Sandler O'Neill & Partners
THIS WEEK, WE ATTENDED the Gulf South Bank Conference in New Orleans. Presenting banks were based primarily in the southern U.S., including Mississippi (6), Florida (4), Louisiana (4), Arkansas (3), Texas (2), Tennessee (2), Georgia (1) and North Carolina (1).
In total, 23 bank management teams made presentations. With most banks having just provided an update on first-quarter earnings conference calls, new information was somewhat limited, though we did get a slightly better sense of how banks are thinking about certain earnings drivers and other issues affecting the balance of the year. Below we highlight our main takeaways from the conference.
Loan portfolios remain flat to down although some banks are optimistic for a return to growth in second-half 2010. The balance sheet was a common topic during presentations, with most management teams attempting to distinguish between ongoing deliberate reduction to loans (e.g., construction and development (C&D)/land balances) from the unintended shrinkage stemming from extremely low demand from borrowers (e.g., historically low utilization rates on commercial and industrial (C&I) lines).
Some management teams (Whitney Holding (ticker: WTNY), Bank of the Ozarks (OZRK)) were optimistic that positive loan growth would return during the back half of 2010, although projections from most seemed based on hopes for a continued economic recovery. We think the key question is whether end-user demand (in the form of increased line utilization for commercial borrowers and increased spending from consumers) can pick up the baton, so to speak, as government-led efforts to stimulate the economy over the past year begin to wane.
Many companies pointed to a very strong pace of core deposit growth in their presentations. While often acknowledging that this has been experienced by much of the industry, some management teams cited "flight to quality" as contributing to resulting market-share gains. Further, some presentations noted that this influx of core deposits has been used to reduce wholesale funding -- effectively making the funding base more core-funded, which we think should be beneficial as interest rates rise.
Several companies cited deliberate efforts being taken to prepare for an eventual rising interest-rate environment. For instance, some banks (BancorpSouth (BXS), BNC Bancorp (BNCN)) noted that they are extending maturities on CDs to lock-in attractive funding costs for the next two to three years, although noting that this often comes with a near-term sacrifice to the net interest margin.
Acquisitions were a common theme in most presentations. Many companies continue to cite their interest in Federal Deposit Insurance Corp. (FDIC)-assisted acquisitions, with some giving an update on recently completed acquisitions (BNC Bancorp, Hancock Holding (HBHC), Home Bancshares /zigman2/quotes/208559109/composite HOMB -0.13% (HOMB), Bank of the Ozarks), while others have yet to find a target of interest (BancorpSouth, Trustmark /zigman2/quotes/207971629/composite TRMK -0.03% (TRMK), Renasant /zigman2/quotes/200892803/composite RNST -1.37% (RNST)) -- often citing adherence to strict criteria in assessing potential targets (e.g., market location, deposit composition).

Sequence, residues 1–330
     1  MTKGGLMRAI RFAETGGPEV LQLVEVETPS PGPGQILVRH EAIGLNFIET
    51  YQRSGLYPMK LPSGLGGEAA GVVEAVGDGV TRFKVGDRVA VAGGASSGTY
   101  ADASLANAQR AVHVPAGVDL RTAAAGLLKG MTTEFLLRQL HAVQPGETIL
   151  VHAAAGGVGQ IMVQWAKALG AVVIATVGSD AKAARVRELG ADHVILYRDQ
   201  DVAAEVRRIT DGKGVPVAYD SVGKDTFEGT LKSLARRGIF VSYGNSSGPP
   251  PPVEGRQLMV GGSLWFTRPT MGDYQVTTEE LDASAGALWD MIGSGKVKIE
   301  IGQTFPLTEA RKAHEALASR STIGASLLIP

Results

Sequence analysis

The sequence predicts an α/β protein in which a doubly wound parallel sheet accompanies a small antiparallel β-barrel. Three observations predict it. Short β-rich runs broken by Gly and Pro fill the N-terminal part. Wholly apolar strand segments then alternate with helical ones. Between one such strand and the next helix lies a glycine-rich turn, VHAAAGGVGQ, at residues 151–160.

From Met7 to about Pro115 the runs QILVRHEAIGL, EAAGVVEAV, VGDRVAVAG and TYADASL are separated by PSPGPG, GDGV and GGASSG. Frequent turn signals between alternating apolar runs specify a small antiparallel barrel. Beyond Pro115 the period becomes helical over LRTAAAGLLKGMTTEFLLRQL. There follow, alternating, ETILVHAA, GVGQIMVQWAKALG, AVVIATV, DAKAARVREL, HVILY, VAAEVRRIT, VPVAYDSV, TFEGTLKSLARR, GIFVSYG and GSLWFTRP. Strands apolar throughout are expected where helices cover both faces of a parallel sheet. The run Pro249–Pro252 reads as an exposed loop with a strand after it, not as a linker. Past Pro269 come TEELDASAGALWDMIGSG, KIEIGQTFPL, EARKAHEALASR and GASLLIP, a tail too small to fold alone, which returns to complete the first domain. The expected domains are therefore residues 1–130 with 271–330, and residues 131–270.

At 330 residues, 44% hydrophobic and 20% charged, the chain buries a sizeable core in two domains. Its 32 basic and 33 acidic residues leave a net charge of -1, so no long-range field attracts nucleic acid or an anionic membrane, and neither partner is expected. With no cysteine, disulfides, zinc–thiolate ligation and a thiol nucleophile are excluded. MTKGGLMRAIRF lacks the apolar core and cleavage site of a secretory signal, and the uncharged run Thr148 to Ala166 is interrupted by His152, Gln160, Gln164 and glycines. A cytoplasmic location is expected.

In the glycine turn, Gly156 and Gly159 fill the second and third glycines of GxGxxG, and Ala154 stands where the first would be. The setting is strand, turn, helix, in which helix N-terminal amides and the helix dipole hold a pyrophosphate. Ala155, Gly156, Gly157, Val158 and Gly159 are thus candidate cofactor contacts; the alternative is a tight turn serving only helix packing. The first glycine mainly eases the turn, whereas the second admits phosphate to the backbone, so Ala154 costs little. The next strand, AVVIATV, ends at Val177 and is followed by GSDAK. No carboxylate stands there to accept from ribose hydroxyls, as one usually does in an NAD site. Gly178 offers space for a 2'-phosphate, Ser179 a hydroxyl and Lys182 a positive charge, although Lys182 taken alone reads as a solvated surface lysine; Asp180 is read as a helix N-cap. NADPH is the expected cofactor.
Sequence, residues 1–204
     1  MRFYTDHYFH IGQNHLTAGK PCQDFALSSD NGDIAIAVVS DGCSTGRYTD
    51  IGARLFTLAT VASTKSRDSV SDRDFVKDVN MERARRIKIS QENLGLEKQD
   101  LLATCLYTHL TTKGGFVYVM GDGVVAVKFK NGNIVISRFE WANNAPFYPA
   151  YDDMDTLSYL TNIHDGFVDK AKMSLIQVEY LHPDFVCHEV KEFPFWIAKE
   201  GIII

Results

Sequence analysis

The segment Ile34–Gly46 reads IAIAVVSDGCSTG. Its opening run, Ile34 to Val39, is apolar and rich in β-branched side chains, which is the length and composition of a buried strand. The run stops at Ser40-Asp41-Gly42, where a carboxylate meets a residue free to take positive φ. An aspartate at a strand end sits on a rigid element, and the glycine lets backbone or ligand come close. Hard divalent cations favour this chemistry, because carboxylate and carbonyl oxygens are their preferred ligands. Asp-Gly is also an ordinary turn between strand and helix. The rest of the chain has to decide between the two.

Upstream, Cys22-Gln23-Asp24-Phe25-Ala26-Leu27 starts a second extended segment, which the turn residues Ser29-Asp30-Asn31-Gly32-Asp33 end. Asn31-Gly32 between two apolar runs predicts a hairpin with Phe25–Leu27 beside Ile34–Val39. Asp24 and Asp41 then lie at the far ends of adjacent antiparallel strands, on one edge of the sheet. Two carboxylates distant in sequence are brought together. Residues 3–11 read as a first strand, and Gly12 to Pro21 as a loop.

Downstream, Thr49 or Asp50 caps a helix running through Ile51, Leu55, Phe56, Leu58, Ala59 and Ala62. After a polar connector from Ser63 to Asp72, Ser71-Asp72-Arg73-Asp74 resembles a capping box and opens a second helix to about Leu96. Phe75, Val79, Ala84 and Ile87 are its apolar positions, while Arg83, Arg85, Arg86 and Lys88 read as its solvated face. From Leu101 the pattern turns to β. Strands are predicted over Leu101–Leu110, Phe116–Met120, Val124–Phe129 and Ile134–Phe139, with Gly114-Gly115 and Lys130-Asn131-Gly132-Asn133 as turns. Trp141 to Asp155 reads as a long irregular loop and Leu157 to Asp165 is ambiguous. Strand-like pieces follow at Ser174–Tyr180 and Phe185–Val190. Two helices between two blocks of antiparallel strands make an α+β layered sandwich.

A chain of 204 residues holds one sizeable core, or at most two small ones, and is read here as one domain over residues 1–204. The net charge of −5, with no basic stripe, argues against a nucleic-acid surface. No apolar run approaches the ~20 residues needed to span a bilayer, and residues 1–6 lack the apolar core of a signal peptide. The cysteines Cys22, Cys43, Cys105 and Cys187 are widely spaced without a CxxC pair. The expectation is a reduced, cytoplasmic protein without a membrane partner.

Additionally, a few acknowledged that with the less-generous terms on loss-sharing agreements and likely increased number of bidders, the most lucrative FDIC-assisted transactions have likely already occurred. To that end, several companies acknowledged the eventual return to traditional bank mergers-and-acquisitions as requiring consideration.
One company specifically cited Toronto-Dominion's /zigman2/quotes/202133558/composite TD -0.77% (TD) acceptance of only 50% loss sharing from the FDIC as a development that could effectively accelerate the return to traditional bank M&A. Moreover, with top-line growth stagnant (limited loan demand; sluggish fee-based income growth), the credit-recovery theme accelerating, and banks likely under pressure to deploy excess capital as conditions improve, we could perhaps see a return to traditional M&A sooner rather than later, as acquirers look to drive returns through cost savings and as they become more comfortable with the cumulative write-downs/credit outlook at potential targets.
On a separate note, we also noted increased optimism from some of the most troubled banks in the region. Our sense is that with private equity seemingly having been shut out from participating in FDIC-assisted transactions (but with funds already having been raised for that purpose), these funds are increasingly turning to the possibility of acquiring meaningful ownership stakes in very troubled firms. These funds provide access to capital for banks that have had difficulty accessing the capital markets more directly, and also would seem to encourage institutional investors to "take another look," given the participation (and sometimes very deep pockets) of an "anchor" investor group.
-- Joseph Fenech <BREAK /> -- Kevin Fitzsimmons
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